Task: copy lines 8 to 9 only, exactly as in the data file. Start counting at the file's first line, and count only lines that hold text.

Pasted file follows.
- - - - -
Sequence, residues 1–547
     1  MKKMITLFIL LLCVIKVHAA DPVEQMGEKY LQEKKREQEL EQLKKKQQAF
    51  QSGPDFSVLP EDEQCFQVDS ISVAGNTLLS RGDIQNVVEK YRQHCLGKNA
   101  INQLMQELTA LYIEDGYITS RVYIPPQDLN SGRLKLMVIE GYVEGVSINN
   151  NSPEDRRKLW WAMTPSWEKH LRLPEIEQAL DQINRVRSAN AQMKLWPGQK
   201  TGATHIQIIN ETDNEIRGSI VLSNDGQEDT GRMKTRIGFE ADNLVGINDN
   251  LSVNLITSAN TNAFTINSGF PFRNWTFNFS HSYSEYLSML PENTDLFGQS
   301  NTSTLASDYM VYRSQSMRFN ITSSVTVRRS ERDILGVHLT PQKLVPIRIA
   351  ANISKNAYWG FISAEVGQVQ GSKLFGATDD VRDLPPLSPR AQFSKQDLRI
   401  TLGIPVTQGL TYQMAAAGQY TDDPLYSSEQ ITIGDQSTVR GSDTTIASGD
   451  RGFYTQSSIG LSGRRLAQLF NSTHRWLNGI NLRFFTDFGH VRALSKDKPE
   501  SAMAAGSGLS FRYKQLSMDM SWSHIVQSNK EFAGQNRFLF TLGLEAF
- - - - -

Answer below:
   301  NTSTLASDYM VYRSQSMRFN ITSSVTVRRS ERDILGVHLT PQKLVPIRIA
   351  ANISKNAYWG FISAEVGQVQ GSKLFGATDD VRDLPPLSPR AQFSKQDLRI